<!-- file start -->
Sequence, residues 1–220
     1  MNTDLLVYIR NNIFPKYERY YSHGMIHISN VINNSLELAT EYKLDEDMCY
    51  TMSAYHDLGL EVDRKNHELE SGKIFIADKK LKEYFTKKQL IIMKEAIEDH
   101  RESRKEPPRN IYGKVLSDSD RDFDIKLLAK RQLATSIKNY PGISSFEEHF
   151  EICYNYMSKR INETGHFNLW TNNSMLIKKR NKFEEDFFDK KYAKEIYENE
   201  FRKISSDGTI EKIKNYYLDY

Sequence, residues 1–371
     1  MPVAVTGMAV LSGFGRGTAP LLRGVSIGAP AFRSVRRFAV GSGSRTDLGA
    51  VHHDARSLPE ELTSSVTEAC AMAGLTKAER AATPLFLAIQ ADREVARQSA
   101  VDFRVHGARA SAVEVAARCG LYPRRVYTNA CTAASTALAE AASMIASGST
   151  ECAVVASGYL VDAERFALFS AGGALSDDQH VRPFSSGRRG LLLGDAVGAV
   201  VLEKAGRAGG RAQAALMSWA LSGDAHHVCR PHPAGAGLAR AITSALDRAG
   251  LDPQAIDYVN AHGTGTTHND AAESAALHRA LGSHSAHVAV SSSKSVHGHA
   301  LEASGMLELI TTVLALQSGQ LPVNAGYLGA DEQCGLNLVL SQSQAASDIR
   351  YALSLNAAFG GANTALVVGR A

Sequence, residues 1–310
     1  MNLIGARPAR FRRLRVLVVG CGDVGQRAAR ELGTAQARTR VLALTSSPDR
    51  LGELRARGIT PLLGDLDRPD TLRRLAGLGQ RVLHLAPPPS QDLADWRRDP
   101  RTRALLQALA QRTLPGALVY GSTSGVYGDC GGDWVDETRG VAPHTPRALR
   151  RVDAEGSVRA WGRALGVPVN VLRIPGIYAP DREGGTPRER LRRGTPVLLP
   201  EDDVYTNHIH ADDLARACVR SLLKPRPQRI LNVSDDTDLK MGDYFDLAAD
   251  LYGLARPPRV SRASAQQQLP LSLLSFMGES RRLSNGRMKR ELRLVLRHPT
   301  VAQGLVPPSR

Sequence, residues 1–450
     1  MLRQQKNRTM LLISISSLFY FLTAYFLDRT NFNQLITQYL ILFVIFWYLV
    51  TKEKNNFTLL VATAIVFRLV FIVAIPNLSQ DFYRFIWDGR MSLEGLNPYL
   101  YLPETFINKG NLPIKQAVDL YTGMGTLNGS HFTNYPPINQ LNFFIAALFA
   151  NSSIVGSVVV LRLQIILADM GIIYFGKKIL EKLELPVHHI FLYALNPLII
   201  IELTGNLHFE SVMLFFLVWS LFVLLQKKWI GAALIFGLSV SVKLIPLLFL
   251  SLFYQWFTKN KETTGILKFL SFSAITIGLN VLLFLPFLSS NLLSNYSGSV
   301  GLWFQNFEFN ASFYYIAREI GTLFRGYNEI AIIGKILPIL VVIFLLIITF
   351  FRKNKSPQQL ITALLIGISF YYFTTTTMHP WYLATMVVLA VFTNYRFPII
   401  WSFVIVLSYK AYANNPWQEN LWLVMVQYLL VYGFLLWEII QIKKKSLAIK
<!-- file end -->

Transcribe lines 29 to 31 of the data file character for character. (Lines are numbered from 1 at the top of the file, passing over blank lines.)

   201  IELTGNLHFE SVMLFFLVWS LFVLLQKKWI GAALIFGLSV SVKLIPLLFL
   251  SLFYQWFTKN KETTGILKFL SFSAITIGLN VLLFLPFLSS NLLSNYSGSV
   301  GLWFQNFEFN ASFYYIAREI GTLFRGYNEI AIIGKILPIL VVIFLLIITF